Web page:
We need Christians to work to prevent orphans. Systemic changes in the foster care system, addressing poverty, HIV/AIDS, and malaria, and finding creative ways to come around a single mom to truly be her family are a few of many the ways orphan prevention can happen. This can only happen in a way that brings glory to God and truly meets the needs of these individuals through the gospel of Jesus Christ.

We need churches full of people who understand what it means to have been adopted into the family of God so that they support, encourage, and walk with families who adopt children. Adoptive moms often say that they do not feel understood or loved by their church members’ callous or heartless comments in relation to their adopted children. The theology of adoption rightly taught and applied will create a Christian culture where that does not happen.

Those are just a few of the countless examples of why, on a macro level, our message is necessary. However, on a micro level, there are innumerable examples as well. As Megan Hill wrote in her blog post the adoption-blogging world well documents that adoption is not an easy task. It is well known that there are difficulties and pain involved. It should never be romanticized. I became involved with Together for Adoption after speaking to multiple couples who had decided to disrupt their foster care placements. Since then, I have spoken with families who have dissolved their adoptions. Many of the women I speak with are depressed and crushed under the weight of their children’s extreme needs.

Dissolution of adoption should never happen. Christians need to be equipped to endure with joy the suffering involved with a difficult foster care placement until that child can be reunited with their biological family or placed with a forever family. The theology of adoption can equip Christians to have a persevering love with difficult children who resist our love.

There is a great need for children to be adopted that are older or who have special needs. Many of us may be called to welcome in a teenager  at the cost of our own desires for healthy babies. The gospel, in particular the doctrine of adoption, equips Christians to make self-denying choices like these. It equips us to make these choices not as a part of a personal crusade to save the world one child at a time, but as a part of God’s mission to display his love and glory to everyone, especially the most vulnerable.

We must have a love that is so unique, so counter-cultural that we are able to love children that the world does not want, the kind of children that the world would deem undesirable and unlovable. This unique love can only come after drinking from the well of God’s love for his Son, which, by the wonderful grace of adoption, has been poured out to us.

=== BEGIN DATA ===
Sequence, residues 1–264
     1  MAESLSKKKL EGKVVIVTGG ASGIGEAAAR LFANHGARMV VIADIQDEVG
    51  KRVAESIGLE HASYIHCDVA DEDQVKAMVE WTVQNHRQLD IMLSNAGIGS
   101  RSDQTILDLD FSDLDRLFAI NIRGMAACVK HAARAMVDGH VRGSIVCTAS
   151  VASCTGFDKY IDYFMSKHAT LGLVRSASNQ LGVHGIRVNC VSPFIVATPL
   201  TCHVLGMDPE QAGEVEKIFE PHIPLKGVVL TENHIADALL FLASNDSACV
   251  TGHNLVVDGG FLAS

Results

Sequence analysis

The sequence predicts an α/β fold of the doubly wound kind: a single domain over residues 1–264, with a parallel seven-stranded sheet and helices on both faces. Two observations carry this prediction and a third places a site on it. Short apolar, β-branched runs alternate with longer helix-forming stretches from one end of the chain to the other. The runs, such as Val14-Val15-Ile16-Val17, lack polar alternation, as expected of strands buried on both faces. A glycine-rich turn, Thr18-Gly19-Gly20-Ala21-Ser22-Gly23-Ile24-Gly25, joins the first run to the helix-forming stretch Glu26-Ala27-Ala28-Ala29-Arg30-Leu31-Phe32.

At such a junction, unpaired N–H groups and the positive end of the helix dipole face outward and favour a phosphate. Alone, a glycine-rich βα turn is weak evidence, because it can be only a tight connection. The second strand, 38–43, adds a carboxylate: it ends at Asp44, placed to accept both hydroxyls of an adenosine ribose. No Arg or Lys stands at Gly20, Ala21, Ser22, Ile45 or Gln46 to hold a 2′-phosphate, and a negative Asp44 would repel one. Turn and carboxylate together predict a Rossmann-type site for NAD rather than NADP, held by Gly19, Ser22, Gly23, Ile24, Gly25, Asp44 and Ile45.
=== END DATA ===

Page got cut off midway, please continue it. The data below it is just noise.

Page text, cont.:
Infertility and Adoption

Lastly, I would like to briefly speak to the infertility issue. Infertility is a great loss and terrible suffering for so many.  Anyone who has walked the painful road of infertility will tell you that adoption cannot solve that problem. Being able to adopt a child into your family is a blessing in and of itself. I have heard countless women express to me how thankful they are for their adoptive children and how they hope their child never thinks that they adopted them because they were infertile. As Megan Hill rightly says, we adopt our children because we want them, because we loved them. But it goes beyond that. We adopt them because they needed us and not because we need them.

Parenting never goes well with biological or adoptive children when we seek our children to meet a need within us. Rather, we make the sacrifices we do, joyfully, to raise our children out of an overflow of what God has done for us. Of course, we can agree that our children bless us. Children are a sanctifying grace from the Lord. Our children are a wonderful gift, but that gift must always remain in the place God intended it to be. A gift that points us to the wonderful gift giver who meets all our wants and desires with himself, our Father God.

Adopting simply to meet our own desire for a child also minimizes the pain and loss that child experiences. The loss of their biological family is a loss that happened only as a result of our broken and sinful world. How thankful I am to be my children’s mother. And yet, I weep every time I pray for their biological mother who is unable to be their mama. I adopted my children to meet their deep, desperate need for a mother, which means they experienced a deep and painful loss. As their mother, I wish I could protect them from the pain of the loss of their biological family. I wish when we had our “why?” discussions I could make it as simple as “because I wanted children.” But that would not answer the hurting cry of their heart that knows this is not the way it was meant to be.

Instead, I give my children a larger story in which they can live in as I paint a picture for them of our God who deeply understands their loss. I show them our God who experienced even greater loss; the loss of his only begotten Son and that terrible and horrific loss was the greatest act of love this universe has ever known. It is the very loss that restored me into a relationship with God. The God who adopted me into his family through the sweet blood of Jesus is the same God that has filled me with a deep love for them.

 

  • http://www.facebook.com/mamlisamiller Lisa Reinhardt Miller

    Thank you so much for this powerful article! We are a part of an adoption ministry here in Georgia and I pray that we keep this motivation as the driving force in why we are doing what we are doing! Thank you so much for a word well shared!

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  • http://twitter.com/ValerieSGarrett Valerie @LifeInColor